You were probably told in school about how the first people reached North America over ten thousand years ago. This has been the prevailing theory since the s. There is DNA evidence to support that people did in fact cross the Beringa and may even have lived on it for thousands of years, following herds and making their way little by little. They hunted large game such as mammoths and bison down into the North American continent, spreading out from there. But did the first Americans really come this way?
Why Did Humans Migrate to the Americas?
East Asian Studies Notes: Siberian Origins of North America
A few weeks ago, scientists announced an intriguing finding about the ancestors of today's Native Americans. In reconstructing the ancient Beringian environment, the researchers provided a new clue that could help explain this discrepancy. Such an ecosystem, the authors argue, would have been an ideal place for humans to live. Now, more evidence for the idea comes from a seemingly unlikely source: languages still spoken in Asia and North America today.
Settlement of the Americas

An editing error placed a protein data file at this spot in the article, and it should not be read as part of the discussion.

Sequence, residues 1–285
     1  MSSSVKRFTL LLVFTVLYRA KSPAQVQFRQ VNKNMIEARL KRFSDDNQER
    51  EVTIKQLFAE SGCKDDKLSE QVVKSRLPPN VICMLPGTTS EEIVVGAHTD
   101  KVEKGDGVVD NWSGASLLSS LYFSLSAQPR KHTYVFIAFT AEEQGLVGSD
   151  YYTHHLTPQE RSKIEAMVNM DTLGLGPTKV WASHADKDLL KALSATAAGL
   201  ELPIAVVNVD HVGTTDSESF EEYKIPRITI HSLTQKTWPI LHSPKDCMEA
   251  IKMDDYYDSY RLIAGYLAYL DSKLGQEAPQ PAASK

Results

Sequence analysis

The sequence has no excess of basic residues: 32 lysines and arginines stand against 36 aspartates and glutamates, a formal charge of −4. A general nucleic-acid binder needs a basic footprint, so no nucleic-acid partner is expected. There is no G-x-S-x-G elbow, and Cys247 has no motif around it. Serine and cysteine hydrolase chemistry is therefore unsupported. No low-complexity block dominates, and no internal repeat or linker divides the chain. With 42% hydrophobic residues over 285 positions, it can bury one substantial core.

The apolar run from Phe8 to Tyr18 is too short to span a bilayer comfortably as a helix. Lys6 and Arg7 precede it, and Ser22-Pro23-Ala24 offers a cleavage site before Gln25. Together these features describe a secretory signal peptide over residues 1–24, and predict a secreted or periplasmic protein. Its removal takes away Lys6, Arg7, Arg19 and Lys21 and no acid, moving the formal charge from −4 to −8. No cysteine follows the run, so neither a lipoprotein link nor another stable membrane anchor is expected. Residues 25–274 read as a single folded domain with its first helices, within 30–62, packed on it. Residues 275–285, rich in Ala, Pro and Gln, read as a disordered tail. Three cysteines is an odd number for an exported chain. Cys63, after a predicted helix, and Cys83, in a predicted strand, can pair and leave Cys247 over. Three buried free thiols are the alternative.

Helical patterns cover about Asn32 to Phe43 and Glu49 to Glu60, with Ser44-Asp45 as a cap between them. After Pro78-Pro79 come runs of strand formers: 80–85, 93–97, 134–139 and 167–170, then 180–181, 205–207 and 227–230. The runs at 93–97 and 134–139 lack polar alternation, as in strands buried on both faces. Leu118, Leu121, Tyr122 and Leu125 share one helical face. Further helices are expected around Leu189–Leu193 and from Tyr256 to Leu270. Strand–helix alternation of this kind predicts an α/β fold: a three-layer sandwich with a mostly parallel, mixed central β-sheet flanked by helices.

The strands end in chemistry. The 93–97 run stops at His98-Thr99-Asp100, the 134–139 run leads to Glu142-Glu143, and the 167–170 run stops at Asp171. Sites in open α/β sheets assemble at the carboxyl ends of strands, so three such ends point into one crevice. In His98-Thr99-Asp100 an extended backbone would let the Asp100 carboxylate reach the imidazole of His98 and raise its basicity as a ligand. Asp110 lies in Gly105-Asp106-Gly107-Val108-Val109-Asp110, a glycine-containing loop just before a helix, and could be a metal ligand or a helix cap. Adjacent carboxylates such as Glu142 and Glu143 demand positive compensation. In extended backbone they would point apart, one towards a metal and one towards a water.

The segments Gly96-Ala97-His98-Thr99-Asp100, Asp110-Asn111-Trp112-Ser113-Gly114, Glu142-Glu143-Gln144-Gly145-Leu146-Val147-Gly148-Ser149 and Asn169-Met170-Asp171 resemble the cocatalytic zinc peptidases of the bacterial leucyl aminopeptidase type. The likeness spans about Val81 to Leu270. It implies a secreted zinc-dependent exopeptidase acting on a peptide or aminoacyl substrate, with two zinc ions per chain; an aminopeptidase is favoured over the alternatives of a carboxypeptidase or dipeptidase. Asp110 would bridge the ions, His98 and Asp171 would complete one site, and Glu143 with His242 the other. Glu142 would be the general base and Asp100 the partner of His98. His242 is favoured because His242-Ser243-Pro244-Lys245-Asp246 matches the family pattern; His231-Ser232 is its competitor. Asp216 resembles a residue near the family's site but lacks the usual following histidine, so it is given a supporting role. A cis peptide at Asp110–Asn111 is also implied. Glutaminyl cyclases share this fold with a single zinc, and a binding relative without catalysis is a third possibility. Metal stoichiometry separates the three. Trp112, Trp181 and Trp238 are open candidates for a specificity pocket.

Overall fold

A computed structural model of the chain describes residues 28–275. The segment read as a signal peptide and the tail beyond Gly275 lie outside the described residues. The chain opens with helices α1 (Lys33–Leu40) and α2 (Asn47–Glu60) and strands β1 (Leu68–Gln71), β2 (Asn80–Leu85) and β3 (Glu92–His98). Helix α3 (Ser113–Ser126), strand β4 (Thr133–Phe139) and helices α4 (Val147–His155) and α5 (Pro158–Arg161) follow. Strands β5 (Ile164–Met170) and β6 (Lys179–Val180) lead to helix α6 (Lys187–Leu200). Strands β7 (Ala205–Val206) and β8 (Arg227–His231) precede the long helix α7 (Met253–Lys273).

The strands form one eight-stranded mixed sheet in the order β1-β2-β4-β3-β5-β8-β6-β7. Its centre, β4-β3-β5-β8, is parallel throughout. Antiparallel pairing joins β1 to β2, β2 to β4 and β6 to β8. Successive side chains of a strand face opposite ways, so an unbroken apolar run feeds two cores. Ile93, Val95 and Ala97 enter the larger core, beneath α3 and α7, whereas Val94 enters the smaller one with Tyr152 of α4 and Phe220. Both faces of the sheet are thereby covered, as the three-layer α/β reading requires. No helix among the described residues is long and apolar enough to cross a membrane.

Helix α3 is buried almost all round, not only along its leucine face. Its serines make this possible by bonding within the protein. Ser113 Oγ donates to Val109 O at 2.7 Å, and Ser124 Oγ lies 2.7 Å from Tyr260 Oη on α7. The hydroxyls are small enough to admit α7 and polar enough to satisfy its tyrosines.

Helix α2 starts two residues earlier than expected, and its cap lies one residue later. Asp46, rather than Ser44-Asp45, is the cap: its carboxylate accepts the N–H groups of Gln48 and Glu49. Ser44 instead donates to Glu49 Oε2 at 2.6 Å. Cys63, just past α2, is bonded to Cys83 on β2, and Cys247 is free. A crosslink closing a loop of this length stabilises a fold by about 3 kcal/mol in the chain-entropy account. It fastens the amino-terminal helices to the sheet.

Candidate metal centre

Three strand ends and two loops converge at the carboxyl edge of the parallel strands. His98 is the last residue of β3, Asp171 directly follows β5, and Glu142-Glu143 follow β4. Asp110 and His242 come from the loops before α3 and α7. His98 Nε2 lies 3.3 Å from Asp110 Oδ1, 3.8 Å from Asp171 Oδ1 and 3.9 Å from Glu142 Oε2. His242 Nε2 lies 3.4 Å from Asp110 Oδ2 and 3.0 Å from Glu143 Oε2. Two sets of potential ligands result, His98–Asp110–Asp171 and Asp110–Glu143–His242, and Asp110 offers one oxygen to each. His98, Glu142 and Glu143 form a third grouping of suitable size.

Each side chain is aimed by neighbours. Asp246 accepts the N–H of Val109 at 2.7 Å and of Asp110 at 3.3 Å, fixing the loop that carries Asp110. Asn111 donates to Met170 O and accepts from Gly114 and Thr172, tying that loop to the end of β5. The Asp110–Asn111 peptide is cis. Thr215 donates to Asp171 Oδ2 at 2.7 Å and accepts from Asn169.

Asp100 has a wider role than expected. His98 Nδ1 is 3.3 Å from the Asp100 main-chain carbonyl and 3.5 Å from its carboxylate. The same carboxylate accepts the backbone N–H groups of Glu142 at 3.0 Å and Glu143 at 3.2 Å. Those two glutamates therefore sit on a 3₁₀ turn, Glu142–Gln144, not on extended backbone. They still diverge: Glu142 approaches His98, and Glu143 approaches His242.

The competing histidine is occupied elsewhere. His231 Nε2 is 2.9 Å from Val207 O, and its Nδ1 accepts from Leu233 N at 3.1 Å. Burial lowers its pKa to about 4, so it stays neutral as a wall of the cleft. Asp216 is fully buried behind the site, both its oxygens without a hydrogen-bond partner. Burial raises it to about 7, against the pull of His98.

The first settlement of the Americas began when Paleolithic hunter-gatherers first entered North America from the North Asian Mammoth steppe via the Beringia land bridge , which had formed between northeastern Siberia and western Alaska due to the lowering of sea level during the Last Glacial Maximum. These populations expanded south of the Laurentide Ice Sheet and rapidly throughout both North and South America , by 14, years ago. The peopling of the Americas is a long-standing open question, and while advances in archaeology , Pleistocene geology , physical anthropology , and DNA analysis have shed progressively more light on the subject, significant questions remain unresolved. The prevalent migration models outline different time frames for the Asian migration from the Bering Straits and subsequent dispersal of the founding population throughout the continent.
The Americas were the last well, second-to-last if you count Antarctica continents to be inhabited by early humans. Archaeologists estimate that people entered North America by crossing over the Bering Strait, which back then was a wide swath of land, about 15, years ago. In other words, people got here by walking a very long distance. Our image of this major migration is fanciful. When I teach about the peopling of the Americas, I show a slide of people purposefully trekking in a straight line on a tundra from Siberia to Alaska , as if there was some destination on the other side and the only way to get there was to follow the leader, one behind the other.